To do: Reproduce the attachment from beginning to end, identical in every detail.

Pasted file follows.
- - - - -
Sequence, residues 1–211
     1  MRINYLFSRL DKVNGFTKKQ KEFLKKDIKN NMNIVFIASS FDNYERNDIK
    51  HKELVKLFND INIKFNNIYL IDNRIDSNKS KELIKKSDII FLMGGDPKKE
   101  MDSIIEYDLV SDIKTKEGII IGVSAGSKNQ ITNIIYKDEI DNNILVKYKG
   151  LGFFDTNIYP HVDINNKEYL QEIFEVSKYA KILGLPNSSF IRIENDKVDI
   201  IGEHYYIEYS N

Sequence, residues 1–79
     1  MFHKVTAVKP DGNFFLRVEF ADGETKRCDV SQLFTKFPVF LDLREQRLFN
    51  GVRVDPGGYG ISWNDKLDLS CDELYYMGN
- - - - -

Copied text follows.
Sequence, residues 1–211
     1  MRINYLFSRL DKVNGFTKKQ KEFLKKDIKN NMNIVFIASS FDNYERNDIK
    51  HKELVKLFND INIKFNNIYL IDNRIDSNKS KELIKKSDII FLMGGDPKKE
   101  MDSIIEYDLV SDIKTKEGII IGVSAGSKNQ ITNIIYKDEI DNNILVKYKG
   151  LGFFDTNIYP HVDINNKEYL QEIFEVSKYA KILGLPNSSF IRIENDKVDI
   201  IGEHYYIEYS N

Sequence, residues 1–79
     1  MFHKVTAVKP DGNFFLRVEF ADGETKRCDV SQLFTKFPVF LDLREQRLFN
    51  GVRVDPGGYG ISWNDKLDLS CDELYYMGN